Grieving widow praised after sleeping with brother-in-law: ‘Total gassy’
A Mumsnet user asked readers to “take it easy” after recounting a situation she recently found herself in with her brother-in-law, followed by “actually, I probably deserve everything I get.”
At the time of publication, 224 people have commented on Lyndsb’s post, in which she describes how her husband of 23 years died suddenly 14 months ago, leaving her with three children aged 12, 13 and 15. time for us,” she explains. “I’ve always been close to BIL (DH’s brother). I’ve known him for as long as DH. He’s been separated for 6 years and not in contact with his ex. Not in a relationship.” She goes on to explain how her three children recently stayed with their grandparents: “the first time they have been away from me since their father died”. After going out for dinner and drinks with her brother-in-law and mutual friends, she suddenly needed to go home and he followed her.
After a few drinks “we were both a little emotional and BIL took me in his arms. One thing led to another and we slept together. He stayed the night and held me all night. Sunday morning was awkward and I found an excuse to pick up the kids He said he was going to get dressed and head He texted and called me a lot yesterday I didn’t talk to him on the phone, just a text.
“We’re both confused and upset. I don’t know what to do. I’m a horrible person. My DH was the love of my life. I can’t stop thinking about what I did.”
According to the Census Bureau, the average age of a widow in the United States is 59. Some sources believe the age has been lowered in recent years by COVID, as in 2019 there were 8.9 million widows, compared to 2.6 million widowers.
Newsweek spoke to Amira Johnson, a licensed social worker at Atlanta-based Berman Psychotherapy. “Losing someone you love can change your world,” she said. Newsweek. “It can cause feelings and emotions that you couldn’t even imagine having.” The complicated and painful feelings one can have after a trauma like this can also lead to doing something that might not feel right or acceptable given the situation, Johnson suggests.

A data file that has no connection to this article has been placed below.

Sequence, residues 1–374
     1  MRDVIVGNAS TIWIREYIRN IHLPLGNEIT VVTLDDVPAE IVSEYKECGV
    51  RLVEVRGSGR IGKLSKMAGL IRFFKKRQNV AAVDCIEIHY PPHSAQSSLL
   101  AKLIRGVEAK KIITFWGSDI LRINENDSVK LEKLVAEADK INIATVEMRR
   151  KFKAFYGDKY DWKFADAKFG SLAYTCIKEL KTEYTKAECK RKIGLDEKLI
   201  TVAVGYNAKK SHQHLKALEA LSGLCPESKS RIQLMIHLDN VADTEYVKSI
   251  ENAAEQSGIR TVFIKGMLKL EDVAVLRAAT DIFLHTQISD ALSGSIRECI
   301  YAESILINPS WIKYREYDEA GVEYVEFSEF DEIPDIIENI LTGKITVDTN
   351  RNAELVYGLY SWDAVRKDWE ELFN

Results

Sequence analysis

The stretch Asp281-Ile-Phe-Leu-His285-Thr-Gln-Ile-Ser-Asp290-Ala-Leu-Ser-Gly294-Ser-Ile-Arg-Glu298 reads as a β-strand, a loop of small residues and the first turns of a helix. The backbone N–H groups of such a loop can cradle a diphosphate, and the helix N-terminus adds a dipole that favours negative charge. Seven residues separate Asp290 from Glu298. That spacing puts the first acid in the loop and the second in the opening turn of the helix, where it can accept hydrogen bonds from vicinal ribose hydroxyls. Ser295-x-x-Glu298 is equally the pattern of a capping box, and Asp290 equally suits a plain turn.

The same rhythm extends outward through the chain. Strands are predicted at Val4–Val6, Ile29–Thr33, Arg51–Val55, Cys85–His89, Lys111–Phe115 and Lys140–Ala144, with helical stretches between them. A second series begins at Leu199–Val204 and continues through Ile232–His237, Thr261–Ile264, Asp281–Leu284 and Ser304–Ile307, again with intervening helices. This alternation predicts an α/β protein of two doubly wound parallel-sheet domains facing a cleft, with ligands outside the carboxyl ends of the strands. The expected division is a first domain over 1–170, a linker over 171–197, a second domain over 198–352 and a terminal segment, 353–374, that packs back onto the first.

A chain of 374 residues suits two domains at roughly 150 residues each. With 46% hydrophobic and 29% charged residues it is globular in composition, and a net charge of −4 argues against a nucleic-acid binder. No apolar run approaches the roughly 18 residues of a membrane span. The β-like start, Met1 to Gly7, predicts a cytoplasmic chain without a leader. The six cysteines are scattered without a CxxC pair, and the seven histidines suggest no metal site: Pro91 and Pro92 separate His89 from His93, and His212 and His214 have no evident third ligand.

“Losing a loved one is difficult in general, but especially when you have children involved and you have helped them through their grieving process while dealing with your own. I want to start by saying that there is no no “timeline” for grieving.deals with it in her own way and in her own time frame.So for her to still be confused or have buried emotions months later is normal.
“Dealing with grief is difficult, so here are some tips for coping with grief: Accept a bit of solitude because it’s completely normal. But don’t cut yourself off completely from the world. Be gentle with yourself and try to not judging yourself for not doing or being “better”. Embrace all the emotions you feel and remember that those feelings come and go. Note that everyone handles grief differently, so what might work for some may not work for others.And that’s okay.
User Aeio said, “Be kind to yourself. You haven’t done anything wrong. When you’re ready, chat with him and clear the air. Please be kind to yourself .”
User Terrariatime commented, “My friend’s friend did this too after losing her husband. It’s really understandable, it’s the closest you have to him. Don’t beat yourself up, the grief manifests itself in many ways.”
User BoredOfLooking wrote: “This is a very common thing that happens after a spouse/brother is bereaved. I only see two bereaved people finding comfort in each other, I I don’t see any of you doing anything wrong. Your husband is still the love of your life, nothing has changed about that at all.”
Newsweek was unable to verify the details of the case.
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